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|Full name||Estadio Vicente Calderón|
|Former names||Estadio Manzanares|
|Location||Arganzuela, Madrid, Spain|
|Field size||105 m × 70 m (115 yd × 77 yd)|
|Broke ground||3 August 1959|
|Opened||2 October 1966|
|Demolished||2018 (To Be Demolished)|
|Architect||Javier Barroso |
Miguel Ángel García Lomas
|Atlético Madrid (1966–2017)|
The Vicente Calderón Stadium (Spanish: Estadio Vicente Calderón [esˈtaðjo βiˈθente kaldeˈɾon]) was the home stadium of Atlético Madrid since its completion in 1966 to 2017, with a current seating capacity of 54,907 and located on the banks of the Manzanares, in the Arganzuela district of Madrid, Spain. The stadium was originally called the Estadio Manzanares, but this was later changed to the Vicente Calderón Stadium, in honour of their long-term President Vicente Calderón.
To finance the new stadium, Atlético Madrid had to make a debt issue in 1958 in the form of mortgage bonds that were underwritten mostly by club shareholders and members. On 17 March 1961, Javier Barroso bought land for the construction of a new stadium, to replace the Estadio Metropolitano de Madrid. In the same year, work began on the new stadium. The ground opened in 1966, and was named the Estadio del Manzanares until 1972.
A notable and rather spectacular feature of the Vicente Calderón is that the M-30 dual carriageway, running from the South Node Toledo Bridge, passes below one of the main stands.
On 30 July 2007, Atlético Madrid, Mahou brewery and Ayuntamiento de Madrid signed an agreement to reclassify the land that is currently occupied by the Vicente Calderón stadium and the Mahou brewery, agreeing that Atlético would move within three years to the Estadio Olímpico de Madrid, better known as Estadio La Peineta (officially Wanda Metropolitano), which was to be renovated in preparation for Atlético's tenancy. After reconstruction, La Peineta holds 67,000 spectators and features fully covered stands. The Vicente Calderón Stadium is soon to be demolished, and a park will be built in its place, which is to be named the 'Park Atlético Madrid'. Atlético then moved to La Peineta in the 2017-18 season.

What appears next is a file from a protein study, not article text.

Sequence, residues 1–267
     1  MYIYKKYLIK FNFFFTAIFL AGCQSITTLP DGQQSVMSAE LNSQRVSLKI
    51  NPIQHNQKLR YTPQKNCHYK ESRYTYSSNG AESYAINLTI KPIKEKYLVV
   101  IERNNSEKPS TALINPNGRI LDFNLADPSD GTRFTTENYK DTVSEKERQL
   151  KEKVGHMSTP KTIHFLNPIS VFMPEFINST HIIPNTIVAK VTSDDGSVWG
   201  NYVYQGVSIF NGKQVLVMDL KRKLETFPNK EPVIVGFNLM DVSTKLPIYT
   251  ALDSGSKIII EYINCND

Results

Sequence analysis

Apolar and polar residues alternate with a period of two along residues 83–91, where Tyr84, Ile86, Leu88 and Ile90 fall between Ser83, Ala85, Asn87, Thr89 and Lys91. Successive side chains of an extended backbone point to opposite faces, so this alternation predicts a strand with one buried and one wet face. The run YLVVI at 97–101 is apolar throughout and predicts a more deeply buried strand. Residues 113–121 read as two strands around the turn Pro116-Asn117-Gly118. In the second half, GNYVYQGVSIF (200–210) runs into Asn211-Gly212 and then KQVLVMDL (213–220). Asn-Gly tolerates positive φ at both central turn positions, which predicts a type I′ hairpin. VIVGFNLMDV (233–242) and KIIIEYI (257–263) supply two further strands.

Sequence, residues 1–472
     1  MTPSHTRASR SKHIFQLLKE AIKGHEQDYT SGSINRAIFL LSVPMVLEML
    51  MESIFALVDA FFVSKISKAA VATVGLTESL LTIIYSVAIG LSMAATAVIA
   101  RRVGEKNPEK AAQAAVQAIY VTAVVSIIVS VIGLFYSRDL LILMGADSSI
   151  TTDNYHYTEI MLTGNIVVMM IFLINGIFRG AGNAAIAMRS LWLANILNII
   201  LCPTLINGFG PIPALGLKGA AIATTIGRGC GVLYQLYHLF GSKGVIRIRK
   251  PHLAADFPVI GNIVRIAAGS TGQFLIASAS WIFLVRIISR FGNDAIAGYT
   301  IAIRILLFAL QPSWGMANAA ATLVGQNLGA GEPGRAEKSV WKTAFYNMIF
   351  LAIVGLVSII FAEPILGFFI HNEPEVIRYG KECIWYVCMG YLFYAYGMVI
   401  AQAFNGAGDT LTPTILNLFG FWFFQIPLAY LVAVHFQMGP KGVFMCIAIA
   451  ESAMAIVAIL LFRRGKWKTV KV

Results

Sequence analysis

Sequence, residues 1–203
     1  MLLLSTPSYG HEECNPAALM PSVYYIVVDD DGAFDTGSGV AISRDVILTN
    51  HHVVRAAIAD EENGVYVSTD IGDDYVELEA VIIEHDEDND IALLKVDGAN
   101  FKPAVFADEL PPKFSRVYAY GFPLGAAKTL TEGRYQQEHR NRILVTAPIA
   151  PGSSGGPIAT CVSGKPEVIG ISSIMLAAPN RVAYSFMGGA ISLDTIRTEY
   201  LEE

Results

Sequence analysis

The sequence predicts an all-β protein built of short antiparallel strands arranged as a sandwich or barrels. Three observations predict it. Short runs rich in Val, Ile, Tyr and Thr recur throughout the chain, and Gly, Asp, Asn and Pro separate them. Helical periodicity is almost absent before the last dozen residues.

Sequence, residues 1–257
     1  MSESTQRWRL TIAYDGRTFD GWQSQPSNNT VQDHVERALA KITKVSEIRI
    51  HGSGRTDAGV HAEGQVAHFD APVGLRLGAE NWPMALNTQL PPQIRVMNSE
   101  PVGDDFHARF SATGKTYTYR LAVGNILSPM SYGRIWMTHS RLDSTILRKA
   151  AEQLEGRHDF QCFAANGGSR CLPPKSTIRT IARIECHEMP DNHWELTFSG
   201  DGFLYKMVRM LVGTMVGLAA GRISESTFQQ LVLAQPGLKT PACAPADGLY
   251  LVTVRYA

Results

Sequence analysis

The decision to demolish the stadium was not well received by some of the Atlético fans who were against the relocation of the club, as they considered it to be a bad move if money was not being used to improve the club itself. The protests were led by the Save the Calderon Group and the Atlético Supporters Club: Asociación Señales de Humo.
The stadium hosted the final of the Copa del Rey (also previously known as the Copa del Generalísimo) on 14 occasions:
1973 * 1974 * 1975 * 1977 * 1979 * 1981 * 1986 * 1989 * 1994 * 2005 * 2008 * 2012 * 2016 * 2017.
Vicente Calderón hosted eleven international matches of the Spanish national team.
|23 May 1972||Uruguay||2–0||Friendly match|
|24 April 1975||West Germany||1–1||UEFA Euro 1976 qualifying|
|26 October 1977||Romania||2–0||1978 FIFA World Cup qualification|
|18 February 1981||France||1–0||Friendly match|
|20 September 1995||Argentina||2–1||Friendly match|
|30 April 2003||Ecuador||4–0||Friendly match|
|7 September 2005||Serbia and Montenegro||1–1||2006 FIFA World Cup qualification|
|12 November 2005||Slovakia||5–1||2006 FIFA World Cup qualification play-off|
|14 November 2009||Argentina||2–1||Friendly match|
|16 October 2012||France||1–1||2014 FIFA World Cup qualification|
|5 March 2014||Italy||1–0||Friendly match|
The stadium hosted the group D three matches. Group D was one of four groups of national teams competing in the second stage of the 1982 FIFA World Cup.
|Report||Hamilton 27', 75'|
|Giresse 33', 80'
Rocheteau 46', 68'
|Wikimedia Commons has media related to Vicente Calderón Stadium.|